Chile: students occupy schools to demand reform

Students had occupied several of the public high schools in Santiago by the morning of Aug. 10 in the latest protest against the privatization of Chile’s educational system that started under the 1973-1990 dictatorship of Gen. Augusto Pinochet. Chilean high school and university students launched a militant movement in the spring of 2011 to demand free, high-quality public education; current demands also include rejection of the so-called “Hinzpeter Law,” legislation proposed by rightwing president Sebastián Piñera last year to impose severe penalties on people who occupy schools or public or private buildings, or who cause damage in protests. Student actions included some 40 marches in 2011 and five so far this year.

Radio Bío Bío reported on Aug. 10 that Special Forces from the carabineros militarized police used tear gas to remove some 30 students who had been occupying the Santiago Superior Institute of Commerce. The students responded with “rocks, paint and eggs,” according to the radio station, and then “fled and took refuge in the Darío Salas High School,” which remained occupied.

Two days earlier, on Aug. 8, marches sponsored by the Secondary Students Coordinating Assembly (ACES), with support from university student federations, ended violently. Santiago authorities refused the high school students permission to march in the central Alameda (Libertador Bernardo O’Higgins Avenue). When the crowd of 5,000-10,000 protesters tried to use the avenue, they were attacked with tear gas, a water cannon and mounted police. The youths threw rocks at police agents and built barricades; acts of vandalism included the burning of three buses. Some 75 protesters were arrested and 49 agents were reportedly injured. A demonstration in the seaside resort city of Viña del Mar ended with 11 people arrested and a pharmacy and supermarket destroyed. There were also marches in La Serena and Valdivia.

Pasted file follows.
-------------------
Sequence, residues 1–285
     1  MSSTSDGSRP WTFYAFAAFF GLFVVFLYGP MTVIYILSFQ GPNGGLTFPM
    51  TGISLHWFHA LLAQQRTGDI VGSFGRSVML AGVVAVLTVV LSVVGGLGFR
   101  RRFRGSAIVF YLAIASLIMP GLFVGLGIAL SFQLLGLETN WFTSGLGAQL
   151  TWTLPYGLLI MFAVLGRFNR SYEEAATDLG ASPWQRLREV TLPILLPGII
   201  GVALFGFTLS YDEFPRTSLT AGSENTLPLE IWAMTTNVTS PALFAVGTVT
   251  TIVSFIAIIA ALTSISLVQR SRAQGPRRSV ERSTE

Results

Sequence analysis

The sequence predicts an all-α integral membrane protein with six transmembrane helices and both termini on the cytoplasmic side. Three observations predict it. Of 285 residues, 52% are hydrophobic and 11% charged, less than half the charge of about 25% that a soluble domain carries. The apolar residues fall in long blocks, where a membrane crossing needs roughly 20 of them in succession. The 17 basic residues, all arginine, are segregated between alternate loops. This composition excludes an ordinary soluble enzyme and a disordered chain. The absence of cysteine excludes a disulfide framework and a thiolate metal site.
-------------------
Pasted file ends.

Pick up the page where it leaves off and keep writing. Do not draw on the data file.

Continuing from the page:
The student demonstrations have regularly ended with vandalism by hooded youths, and student organizers have sometimes suggested that infiltrators were behind the violence. After the Aug. 8 march ACES spokesperson Eloísa González said it was “quite suspicious” that with such a large police deployment it wasn’t possible to prevent the isolated activity of the people involved in setting vehicles on fire. Senator Guido Girardi, from the social democratic Party for Democracy (PPD), said there should be an investigation of why each demonstration involved people who “have the same interest as the government, that violence should be what occupies the pages [of the newspapers] and not the fundamental issue.” (La Jornada, Mexico, Aug. 9, from correspondent; EFE, Aug. 9, via Latin American Herald Tribune; Prensa Latina, Aug. 10)

From Weekly News Update on the Americas, Aug. 12.